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Q&A with P.G. Bell - author of The Train to Impossible Places

By Charlotte Carus on 14th January 2019

Your magical new series, The Train to Impossible Places, is filled with impossible adventures. Can you tell us a bit more about where the inspiration for it came from?

It started life as a bedtime story for my eldest son when he was just three years old. He wanted a new instalment every night for a week, so I had to think on my feet and throw in as many things as I could think of to hold his attention. He kept asking me for more, so it must have worked! 

Suzy loves science, in particular physics (or fuzzics as the trolls call it in your book). How did you research your books? And do you have a favourite, mindboggling bit of physics (or fuzzics!) from the book?

I’m terrible at science, so I had to resort to some old GCSE revision notes to get to grips with Newton’s laws of motion. It was actually quite fun to dive into though – I think I’ve got a better understanding of it all now than I did when I was 13. (Not much better, but a bit!) As for fuzzics, I would really like a Negotiable Gravity drive of my own. I’d use it to store furniture on my ceilings and effectively double my floor space! 

Suzy visits several Impossible Places on her journey with the Impossible Postal Express. My favourite is the Topaz Narrows with the turquoise water and sugar-white sand. If you had the chance to visit one location in the Union of Impossible Places, where would you go?

I’m rather fond of Trollville. I wanted to create a place that felt like an extension of the trolls themselves – industrious, inventive, not always terribly practical, but definitely memorable. I hope I succeeded, as we’ll be seeing more of the place in future adventures.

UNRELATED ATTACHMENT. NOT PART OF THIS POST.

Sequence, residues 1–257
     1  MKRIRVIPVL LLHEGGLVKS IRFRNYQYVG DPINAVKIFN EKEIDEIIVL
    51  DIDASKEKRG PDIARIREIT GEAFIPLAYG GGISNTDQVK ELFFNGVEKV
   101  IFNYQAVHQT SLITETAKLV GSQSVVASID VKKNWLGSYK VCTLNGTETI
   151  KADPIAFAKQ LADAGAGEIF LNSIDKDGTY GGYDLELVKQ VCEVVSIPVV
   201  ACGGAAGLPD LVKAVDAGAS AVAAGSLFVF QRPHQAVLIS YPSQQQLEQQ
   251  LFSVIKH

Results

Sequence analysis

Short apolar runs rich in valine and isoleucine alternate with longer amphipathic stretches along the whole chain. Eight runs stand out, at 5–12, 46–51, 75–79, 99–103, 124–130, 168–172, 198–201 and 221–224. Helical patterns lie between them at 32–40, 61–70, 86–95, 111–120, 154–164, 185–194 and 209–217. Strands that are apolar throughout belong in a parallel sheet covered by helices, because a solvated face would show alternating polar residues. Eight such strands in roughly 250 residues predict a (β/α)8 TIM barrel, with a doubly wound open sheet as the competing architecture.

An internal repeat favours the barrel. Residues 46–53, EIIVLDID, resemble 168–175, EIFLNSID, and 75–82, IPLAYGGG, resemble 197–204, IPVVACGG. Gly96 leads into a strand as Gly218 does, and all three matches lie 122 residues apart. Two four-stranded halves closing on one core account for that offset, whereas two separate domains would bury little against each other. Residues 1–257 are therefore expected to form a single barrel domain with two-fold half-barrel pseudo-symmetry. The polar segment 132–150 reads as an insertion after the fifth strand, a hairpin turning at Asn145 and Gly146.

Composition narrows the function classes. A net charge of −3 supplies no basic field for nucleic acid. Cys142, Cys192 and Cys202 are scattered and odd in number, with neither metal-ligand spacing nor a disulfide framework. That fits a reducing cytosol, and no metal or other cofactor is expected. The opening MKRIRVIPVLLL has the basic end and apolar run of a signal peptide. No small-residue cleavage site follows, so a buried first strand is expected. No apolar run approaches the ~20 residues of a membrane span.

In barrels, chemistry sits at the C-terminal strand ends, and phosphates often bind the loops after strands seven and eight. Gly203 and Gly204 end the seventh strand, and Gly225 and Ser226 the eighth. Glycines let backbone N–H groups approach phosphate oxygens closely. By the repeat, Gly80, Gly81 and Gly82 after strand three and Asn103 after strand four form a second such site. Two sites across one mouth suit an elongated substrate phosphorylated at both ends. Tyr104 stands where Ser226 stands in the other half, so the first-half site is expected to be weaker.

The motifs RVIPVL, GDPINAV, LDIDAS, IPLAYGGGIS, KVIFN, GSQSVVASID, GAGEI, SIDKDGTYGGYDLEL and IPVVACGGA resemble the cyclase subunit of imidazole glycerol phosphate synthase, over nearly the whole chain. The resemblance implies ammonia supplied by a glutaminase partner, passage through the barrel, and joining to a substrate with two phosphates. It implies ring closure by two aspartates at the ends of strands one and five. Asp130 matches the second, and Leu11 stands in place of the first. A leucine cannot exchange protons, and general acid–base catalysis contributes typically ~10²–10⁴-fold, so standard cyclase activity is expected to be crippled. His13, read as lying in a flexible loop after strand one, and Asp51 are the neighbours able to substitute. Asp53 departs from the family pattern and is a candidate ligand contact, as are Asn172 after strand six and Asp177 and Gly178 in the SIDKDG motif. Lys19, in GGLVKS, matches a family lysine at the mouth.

You spent your childhood in Wales surrounded by trains and railways. What is your favourite train journey that you’ve ever been on?

I’ve ridden the Jungfrau railway in Switzerland, which takes you from the town of Interlaken, through the heart of a mountain and a glacier, to the highest railway station in Europe, with a view across the Alps. I’ve also ridden the Shinkansen – the Japanese bullet train – from Kyoto to Tokyo, which felt like a glimpse of the future, even though the train staff all sport old fashioned fob watches. 

You’ve had all sorts of jobs in the past from being a lifeguard to roller coaster operator. How did you eventually find your way to become a children’s writer?

It was almost accidental. Once I’d told the bedtime story to my son, it stuck around in my head for about a year until I finally decided to try writing it down. It’s the most fun I’ve ever had telling a story, and I wrote the first draft in exactly 100 days! From there, things moved very quickly – I showed it to my friend Claire Fayers, who is a children’s author, and she liked it so much she showed it to her agent. Her agent liked it, and two weeks later she was my agent as well! Six months later she’d put together an auction for the publication rights. 

To enter the Ivory Tower and access the library, you need to deposit brand new information. Can you tell the readers a magical new fact about your book that they may not already know?

Ursel, the bright yellow bear who serves as firewoman aboard the Impossible Postal Express, was an orangutan in the original draft, then a baboon, and she was almost a robot! It was my wife’s idea to make her a bear. 

What are your favourite stories to share with your children?

The Worst Witch books by Jill Murphy. Such a great and accessible fantasy series – the Harry Potter of its day. They were among my favourites when I was young, and it’s nice to know they’re still going strong today. And you can’t go wrong with Roald Dahl. Both my boys are really enjoying his books.   

Can you give us a sneak peek of where Suzy’s next adventure will take her or is it top secret?

I think I’m allowed to give you a few sneaky hints. The story picks up a few months after the first book – the Impossible Postal Express is ready to hit the rails again, and Suzy is determined to prove she can be a good Postie. But when Trollville is faced with destruction, she realises that only she and the crew can save it. 

Q&A courtesy of World Book Day 2018 

The Train to Impossible Places by P.G. Bell, published by Usborne, is out now. 

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